And I realize, with regret, that I have helped perpetuate this idea, because this — the dogpiling, the bullying, the writing-off of people forever because of this one thing they said once — is what we’re Supposed to Do in social justice blogging, and failure to do so may make us the next targets. And so, even as I speak out against it, I feel utterly stuck. It’s infuriating.

    Anyway, I want to thank you for your rant and stuff.

    Wednesday, March 16, 2011 at 2:56 pm | Permalink
  12. Em wrote:

    It’s all context. You don’t have to insult a transphobic radfem (for instance) if you want to post a quote from her, but at least mention that shit so people know you’re aware of it and can safely assume you have A Critical View of it and there’s still a reason you’re posting said quote. Which is something I think you do very well, Sady. IIRC you were one of the few bloggers pointing out the many completely uncritical eulogies to Mary Daly.

    Wednesday, March 16, 2011 at 3:07 pm | Permalink
  13. Kiri wrote:

    Agreed, Em. There’s a difference between, “This person held this problematic stance, so keep that context in mind,” and, “THIS PERSON IS THE VERY WORST FOREVER AND HOW DARE YOU ACKNOWLEDGE THEIR EXISTENCE??”

    Wednesday, March 16, 2011 at 3:17 pm | Permalink
  14. Ennu wrote:

    In regards to the Shirky thing – yeah, that does seem to happen quite a lot, and not just in the feminist blogosphere, but the entire progressive/social justice blogosphere. Frequently, it seems like people just aren’t allowed to fuck up at all without being MARKED FOREVER no matter how much they apologize for it or how many times they say they were wrong.
    Melissa McEwan had a couple of posts about not automatically assuming bad faith. I think that’s a large part of the problem. People often treat something that may have been said in ignorance, but was well intentioned the exact same way they would treat something that was clearly hateful and designed to start a fight.

    Thursday, March 17, 2011 at 3:07 am | Permalink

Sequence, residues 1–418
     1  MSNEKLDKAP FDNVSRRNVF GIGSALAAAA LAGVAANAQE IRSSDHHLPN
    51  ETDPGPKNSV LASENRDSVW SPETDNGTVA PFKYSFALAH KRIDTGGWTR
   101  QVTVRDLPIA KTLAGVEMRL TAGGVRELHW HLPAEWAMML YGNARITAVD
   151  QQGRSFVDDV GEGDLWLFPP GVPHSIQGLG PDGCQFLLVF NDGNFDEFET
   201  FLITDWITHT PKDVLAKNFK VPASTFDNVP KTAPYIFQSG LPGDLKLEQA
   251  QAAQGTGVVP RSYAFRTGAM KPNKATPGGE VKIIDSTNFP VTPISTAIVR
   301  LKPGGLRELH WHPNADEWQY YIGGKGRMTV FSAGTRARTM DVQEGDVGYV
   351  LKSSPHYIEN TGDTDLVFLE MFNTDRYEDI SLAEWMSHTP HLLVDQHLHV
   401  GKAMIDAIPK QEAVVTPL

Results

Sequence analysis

15. Maria wrote:

    True on the context comment. I think it is important exactly what people are being tarred and feathered for, though – Clay Shirky’s one questionable piece on women in business probably isn’t the most relevant thing to expound on in a post like this. But, yes, to use Em’s example, Mary Daly’s raging transphobia isn’t something that should be passed over when eulogising her (as indeed Melissa McEwan did).

    Friday, March 18, 2011 at 1:01 pm | Permalink
  16. ANM wrote:

    With appx 10 bajillion people writing on the internet, many of which HAVE NOT written sexist, point-missing screeds called “a rant about women,” I am perfectly comfortable with 100% discounting anything this dude says. I had not read anything by him before, so the commenter above who drew attention to the fact is much appreciated in that it provides context for people who didn’t know.

    Friday, March 18, 2011 at 2:50 pm | Permalink
  17. ANM wrote:

    To provide further context, would anybody be defending this guy if he published an article about the ways certain race based cultures may factor into the oppression of African Americans or my own native culture, Native Americans, and then called it “a rant about black people” or “a rant about Native Americans”? I think not, because we would all recognize the inherent racism in that.